Aug 17, 2016

Youth protection closes investigation into ultra-Orthodox Hasidic school

Children will be registered with the EMSB and largely home-schooled

By Melinda Dalton, CBC News 

Aug 16, 2016

Parents and directors at a Hasidic school in the Rosemont—La-Petite-Patrie borough say they're pleased the province's youth protection department has closed its file, after the school was raided over concerns of "educational neglect."

The Viznitz community school, operated by the ultra-Orthodox Hasidic Jewish community, was raided by officials from Batshaw Youth and Family Centres in June.

The concern was a potential violation of the province's Youth Protection Act which requires that children are given the proper access to schooling. 

That investigation was closed in July, but the details only became public this week.

In a letter signed by Assunta Gallo, the director of youth protection for CIUSSS de l'Ouest-de-l'Île-de-Montréal, which manages Batshaw, the agency says the community's decision to register children in home-schooling removes the risk they will not be receive a proper education.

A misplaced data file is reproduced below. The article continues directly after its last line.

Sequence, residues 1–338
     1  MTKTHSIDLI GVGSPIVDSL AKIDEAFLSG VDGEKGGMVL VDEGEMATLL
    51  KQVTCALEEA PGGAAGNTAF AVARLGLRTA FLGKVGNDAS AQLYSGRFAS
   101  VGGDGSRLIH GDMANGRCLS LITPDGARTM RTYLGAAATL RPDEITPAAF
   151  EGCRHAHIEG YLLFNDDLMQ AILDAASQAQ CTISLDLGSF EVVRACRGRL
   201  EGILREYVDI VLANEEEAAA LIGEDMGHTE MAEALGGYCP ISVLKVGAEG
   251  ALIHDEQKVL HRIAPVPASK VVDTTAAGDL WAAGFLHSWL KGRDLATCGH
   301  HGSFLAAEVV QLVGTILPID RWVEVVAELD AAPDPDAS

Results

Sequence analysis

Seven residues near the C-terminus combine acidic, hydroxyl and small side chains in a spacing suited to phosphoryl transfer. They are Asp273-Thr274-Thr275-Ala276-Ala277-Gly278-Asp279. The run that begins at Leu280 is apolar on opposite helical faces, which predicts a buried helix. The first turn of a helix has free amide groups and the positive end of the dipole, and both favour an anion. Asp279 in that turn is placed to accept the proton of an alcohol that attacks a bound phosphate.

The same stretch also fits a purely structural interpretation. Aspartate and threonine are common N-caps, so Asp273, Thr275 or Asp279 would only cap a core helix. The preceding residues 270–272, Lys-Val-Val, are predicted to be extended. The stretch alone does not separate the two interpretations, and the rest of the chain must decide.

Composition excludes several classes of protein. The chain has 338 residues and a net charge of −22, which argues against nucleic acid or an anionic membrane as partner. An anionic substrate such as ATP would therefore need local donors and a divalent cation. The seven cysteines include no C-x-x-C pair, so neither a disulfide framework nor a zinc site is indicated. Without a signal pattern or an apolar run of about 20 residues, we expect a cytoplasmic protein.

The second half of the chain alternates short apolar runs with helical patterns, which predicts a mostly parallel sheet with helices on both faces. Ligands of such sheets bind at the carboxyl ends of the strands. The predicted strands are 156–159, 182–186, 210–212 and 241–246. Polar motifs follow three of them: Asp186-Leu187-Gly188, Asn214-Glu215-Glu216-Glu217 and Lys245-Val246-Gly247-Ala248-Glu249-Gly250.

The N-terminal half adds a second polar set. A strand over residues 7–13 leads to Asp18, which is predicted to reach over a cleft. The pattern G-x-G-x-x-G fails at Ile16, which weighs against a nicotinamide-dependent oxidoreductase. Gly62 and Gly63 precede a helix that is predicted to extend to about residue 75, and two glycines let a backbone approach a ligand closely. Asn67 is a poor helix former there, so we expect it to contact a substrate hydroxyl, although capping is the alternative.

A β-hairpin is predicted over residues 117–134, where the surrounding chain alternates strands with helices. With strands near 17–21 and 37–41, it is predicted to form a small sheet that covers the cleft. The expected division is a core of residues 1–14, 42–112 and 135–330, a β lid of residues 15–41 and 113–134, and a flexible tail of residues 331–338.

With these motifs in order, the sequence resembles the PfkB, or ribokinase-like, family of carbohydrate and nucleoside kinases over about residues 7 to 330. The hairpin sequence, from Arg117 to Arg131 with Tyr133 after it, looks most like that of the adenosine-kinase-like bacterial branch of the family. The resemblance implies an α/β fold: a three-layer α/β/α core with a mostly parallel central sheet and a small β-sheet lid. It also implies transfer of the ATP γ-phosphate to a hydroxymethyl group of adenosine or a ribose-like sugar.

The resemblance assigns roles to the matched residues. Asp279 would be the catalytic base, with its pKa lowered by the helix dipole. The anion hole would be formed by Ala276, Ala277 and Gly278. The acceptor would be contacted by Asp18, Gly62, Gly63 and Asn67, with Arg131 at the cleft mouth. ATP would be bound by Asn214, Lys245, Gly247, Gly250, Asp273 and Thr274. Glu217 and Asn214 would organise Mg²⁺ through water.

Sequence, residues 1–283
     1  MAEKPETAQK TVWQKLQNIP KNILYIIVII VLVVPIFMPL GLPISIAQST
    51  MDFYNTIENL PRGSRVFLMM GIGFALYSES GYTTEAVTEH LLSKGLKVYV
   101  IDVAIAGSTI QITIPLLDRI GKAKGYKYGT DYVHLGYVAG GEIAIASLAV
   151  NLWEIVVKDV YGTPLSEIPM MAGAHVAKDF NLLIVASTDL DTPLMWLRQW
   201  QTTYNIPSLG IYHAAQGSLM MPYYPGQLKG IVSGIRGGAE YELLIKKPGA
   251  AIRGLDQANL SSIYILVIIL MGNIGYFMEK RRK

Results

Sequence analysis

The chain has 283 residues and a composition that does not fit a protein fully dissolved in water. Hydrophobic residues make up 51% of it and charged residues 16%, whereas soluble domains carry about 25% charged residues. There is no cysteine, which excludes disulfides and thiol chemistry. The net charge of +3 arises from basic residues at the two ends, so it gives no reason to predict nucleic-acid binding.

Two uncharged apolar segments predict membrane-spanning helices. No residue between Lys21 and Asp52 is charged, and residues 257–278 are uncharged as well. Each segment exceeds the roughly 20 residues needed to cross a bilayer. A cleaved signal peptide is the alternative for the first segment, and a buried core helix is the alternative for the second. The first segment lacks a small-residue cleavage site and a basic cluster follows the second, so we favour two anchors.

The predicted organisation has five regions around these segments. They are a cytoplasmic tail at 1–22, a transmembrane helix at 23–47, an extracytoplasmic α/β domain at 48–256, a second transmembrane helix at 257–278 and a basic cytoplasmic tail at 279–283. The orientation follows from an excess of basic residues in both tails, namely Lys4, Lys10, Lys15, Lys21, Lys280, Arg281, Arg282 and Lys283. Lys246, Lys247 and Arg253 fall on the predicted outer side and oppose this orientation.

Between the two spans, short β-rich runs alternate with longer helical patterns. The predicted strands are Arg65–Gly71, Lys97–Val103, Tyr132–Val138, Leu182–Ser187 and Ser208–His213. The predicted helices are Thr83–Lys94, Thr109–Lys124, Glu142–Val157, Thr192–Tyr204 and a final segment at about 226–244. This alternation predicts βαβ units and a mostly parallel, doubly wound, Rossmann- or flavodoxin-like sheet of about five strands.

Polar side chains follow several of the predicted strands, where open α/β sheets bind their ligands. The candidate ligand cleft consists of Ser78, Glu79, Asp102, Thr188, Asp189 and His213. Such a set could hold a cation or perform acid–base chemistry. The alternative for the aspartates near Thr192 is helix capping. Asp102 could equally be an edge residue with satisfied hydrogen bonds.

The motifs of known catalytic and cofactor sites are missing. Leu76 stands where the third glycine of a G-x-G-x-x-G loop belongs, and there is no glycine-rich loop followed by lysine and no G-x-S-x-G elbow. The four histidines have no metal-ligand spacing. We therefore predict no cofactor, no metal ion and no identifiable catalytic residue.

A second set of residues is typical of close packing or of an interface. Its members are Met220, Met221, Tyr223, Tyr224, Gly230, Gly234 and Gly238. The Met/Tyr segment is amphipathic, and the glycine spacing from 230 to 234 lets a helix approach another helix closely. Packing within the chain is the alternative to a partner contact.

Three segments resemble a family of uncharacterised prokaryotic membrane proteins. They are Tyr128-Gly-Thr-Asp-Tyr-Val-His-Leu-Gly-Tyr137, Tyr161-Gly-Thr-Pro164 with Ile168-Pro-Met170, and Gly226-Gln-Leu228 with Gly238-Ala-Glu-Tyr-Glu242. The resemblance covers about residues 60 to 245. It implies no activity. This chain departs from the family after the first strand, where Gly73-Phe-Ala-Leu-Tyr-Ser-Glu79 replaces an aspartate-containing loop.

"The observations and assessments demonstrate that your [children] are meeting developmental milestones," the letter reads.

"Therefore, we have concluded that there is not enough evidence to support the presumption that your [children's] security or development may be considered in danger."

Abraham Ekstein, a spokesman for the community, said the issue was never about the safety of the children attending the school. 

"It was only a difference of opinion in the way of educating the children that has been settled," he said.

"I think this is a win-win situation for all Quebecers."

Extra support

The children will be registered with the English Montreal School Board and will receive some in-school instruction at the community school as well as extra educational support. 

The students will be tested on the same material as other elementary students, but they will receive additional instruction in religious and Hebrew studies at the community school. 

Yitty Shachan, a former teacher and a mother of five, said she's looking forward to home-schooling her children. 

"I believe home-schooling also saves a lot of time over classroom-schooling, simply because you're working one on one with the child, you usually can move at a faster pace," she said. 

Shachan says some children might spend more time at the school than others. Ekstein said that will be determined on an individual basis.


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